Health-Food Business Taps Into its Native American Roots
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As the only full-blooded Native American on the Professional Golfers Association of America Tour, Notah Begay III is keenly aware that thousands of young people on U.S. reservations suffer from obesity and Type 2 diabetes. "This could be one of the first generations to not outlive their parents," Begay says. "It's an epidemic that tribal leadership is not talking about enough."
So when Begay branched out as an entrepreneur, he did so with a philanthropic bent, promoting physical fitness and healthful food choices for Native American children. In 2010 he founded KivaSun Foods, which sells healthful bison steaks as well as bison, salmon and turkey burgers. In December KivaSun will begin donating 1 percent of its annual global sales to the Notah Begay III Foundation (NB3), which supports Native American health through education and sports initiatives.
The foundation--which this year organized soccer, golf and wellness programs for 8,000 Native American children, mostly in New Mexico--has also raised more than $4 million over the past five years from annual golf outings on Oneida Nation property in upstate New York. In September the Robert Wood Johnson Foundation presented NB3 with its annual Steve Patterson Award for Excellence in Sports Philanthropy.
"This is a lifelong commitment for me," Begay says. "I'm going to be doing this for the next 40 to 50 years, because that's how deep this problem goes."
A Stanford grad with a degree in economics, Begay was a three-time All-American golfer and a teammate of Tiger Woods. On the PGA Tour he has won four tournaments and earned more than $5 million. But those heady credentials didn't do him much good when he ventured into the ruthlessly competitive food industry.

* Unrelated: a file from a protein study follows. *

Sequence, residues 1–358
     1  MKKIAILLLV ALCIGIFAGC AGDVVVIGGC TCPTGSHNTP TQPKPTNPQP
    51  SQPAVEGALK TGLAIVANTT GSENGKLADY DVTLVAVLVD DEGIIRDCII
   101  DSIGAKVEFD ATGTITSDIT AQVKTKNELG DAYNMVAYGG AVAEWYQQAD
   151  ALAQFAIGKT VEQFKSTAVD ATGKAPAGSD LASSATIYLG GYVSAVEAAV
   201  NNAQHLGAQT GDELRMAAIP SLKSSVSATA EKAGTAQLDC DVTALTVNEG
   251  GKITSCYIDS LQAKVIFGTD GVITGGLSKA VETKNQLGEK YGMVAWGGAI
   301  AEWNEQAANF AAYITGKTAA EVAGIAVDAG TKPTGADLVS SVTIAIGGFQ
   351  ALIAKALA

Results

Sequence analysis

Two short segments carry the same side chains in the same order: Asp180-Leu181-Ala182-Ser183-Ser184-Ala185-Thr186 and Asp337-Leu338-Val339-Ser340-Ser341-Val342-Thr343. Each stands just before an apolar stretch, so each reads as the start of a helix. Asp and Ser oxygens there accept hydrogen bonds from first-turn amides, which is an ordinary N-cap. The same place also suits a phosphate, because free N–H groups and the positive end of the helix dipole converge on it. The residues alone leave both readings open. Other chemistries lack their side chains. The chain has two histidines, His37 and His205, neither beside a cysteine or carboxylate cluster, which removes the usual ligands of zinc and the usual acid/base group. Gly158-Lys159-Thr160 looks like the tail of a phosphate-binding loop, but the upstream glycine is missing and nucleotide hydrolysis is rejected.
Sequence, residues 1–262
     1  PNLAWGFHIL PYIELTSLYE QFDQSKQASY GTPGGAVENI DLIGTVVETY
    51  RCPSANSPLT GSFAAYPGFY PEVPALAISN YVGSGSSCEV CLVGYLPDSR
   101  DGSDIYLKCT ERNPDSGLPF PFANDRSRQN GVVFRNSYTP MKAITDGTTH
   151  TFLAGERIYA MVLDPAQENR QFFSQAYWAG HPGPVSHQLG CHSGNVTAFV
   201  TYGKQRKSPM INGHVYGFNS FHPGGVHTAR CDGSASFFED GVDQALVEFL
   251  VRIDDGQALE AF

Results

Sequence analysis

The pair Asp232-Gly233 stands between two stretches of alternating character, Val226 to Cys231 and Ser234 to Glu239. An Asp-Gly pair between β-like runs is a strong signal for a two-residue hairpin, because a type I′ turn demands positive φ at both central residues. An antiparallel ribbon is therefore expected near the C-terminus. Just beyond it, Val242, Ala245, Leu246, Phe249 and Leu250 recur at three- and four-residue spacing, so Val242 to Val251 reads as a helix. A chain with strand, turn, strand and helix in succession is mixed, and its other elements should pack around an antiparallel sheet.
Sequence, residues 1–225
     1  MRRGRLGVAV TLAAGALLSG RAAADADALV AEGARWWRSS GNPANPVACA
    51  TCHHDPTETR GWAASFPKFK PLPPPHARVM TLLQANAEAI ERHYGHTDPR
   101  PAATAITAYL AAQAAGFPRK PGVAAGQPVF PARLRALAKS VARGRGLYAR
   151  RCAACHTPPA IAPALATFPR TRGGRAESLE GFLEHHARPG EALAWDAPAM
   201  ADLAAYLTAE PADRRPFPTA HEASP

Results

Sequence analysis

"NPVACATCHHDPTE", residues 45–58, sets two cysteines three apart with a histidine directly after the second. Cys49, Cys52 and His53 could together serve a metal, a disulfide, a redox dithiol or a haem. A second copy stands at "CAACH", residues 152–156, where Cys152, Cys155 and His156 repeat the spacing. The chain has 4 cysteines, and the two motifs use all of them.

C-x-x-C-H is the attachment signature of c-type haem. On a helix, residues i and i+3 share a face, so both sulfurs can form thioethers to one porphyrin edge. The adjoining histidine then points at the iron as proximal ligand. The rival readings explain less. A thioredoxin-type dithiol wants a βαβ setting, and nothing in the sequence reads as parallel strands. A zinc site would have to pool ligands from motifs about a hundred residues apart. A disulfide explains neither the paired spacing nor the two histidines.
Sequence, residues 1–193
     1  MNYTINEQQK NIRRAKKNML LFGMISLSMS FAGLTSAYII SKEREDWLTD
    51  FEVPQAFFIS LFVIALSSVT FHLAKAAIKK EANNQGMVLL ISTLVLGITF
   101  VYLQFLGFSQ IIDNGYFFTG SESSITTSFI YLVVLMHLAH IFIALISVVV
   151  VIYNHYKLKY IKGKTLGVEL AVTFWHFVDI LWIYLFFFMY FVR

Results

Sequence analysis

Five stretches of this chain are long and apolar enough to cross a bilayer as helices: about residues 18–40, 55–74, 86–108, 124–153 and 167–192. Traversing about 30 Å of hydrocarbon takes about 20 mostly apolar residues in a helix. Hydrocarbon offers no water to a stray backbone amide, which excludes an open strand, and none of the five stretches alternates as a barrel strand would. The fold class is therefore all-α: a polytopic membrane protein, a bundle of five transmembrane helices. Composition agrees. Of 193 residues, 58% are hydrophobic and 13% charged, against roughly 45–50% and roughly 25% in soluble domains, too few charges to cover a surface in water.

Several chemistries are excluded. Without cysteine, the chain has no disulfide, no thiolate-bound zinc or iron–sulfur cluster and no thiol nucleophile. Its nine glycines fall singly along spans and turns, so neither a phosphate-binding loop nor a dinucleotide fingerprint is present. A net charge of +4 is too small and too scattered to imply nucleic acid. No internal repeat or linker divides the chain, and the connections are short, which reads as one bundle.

"Nobody cares that you graduated from Stanford, that you're a philanthropist, that you can drive a golf ball 300 yards," he says. "They care if it tastes good and it's a good price."
From the start, Begay--who is half Navajo, one-quarter San Felipe and one-quarter Isleta--was determined to create a company rooted in Native American traditions. Today KivaSun has an agreement to source as much bison as possible from the 57-tribe InterTribal Buffalo Council. "I basically wanted to look at establishing a national brand under Native American ownership that promoted authentic aspects of Native American culture," Begay says.
Within the U.S. food industry, KivaSun remains a minor player, with a full-time work force of just three people. (COO Mark Freeland, a teammate of Begay's at Stanford and his longtime business partner, declined to provide annual sales figures.) But this year the company achieved some extraordinary success with two of the biggest names in American retail. In June Costco began selling KivaSun bison burgers in 51 stores in California, Nevada, Arizona, New Mexico and Colorado. The following month, Wal-Mart began stocking KivaSun bison and turkey burgers in 180 stores in Arizona, New Mexico, Utah, Colorado, Wyoming and South Dakota.
For Begay, sustaining tribal culture is just as important as helping kids make healthy choices. "Most of these tribes have been integrated with buffalo for more than 500 years," he says. "Our mission has always been to be reflective of the communities that we work with, and this is a way for us to do that."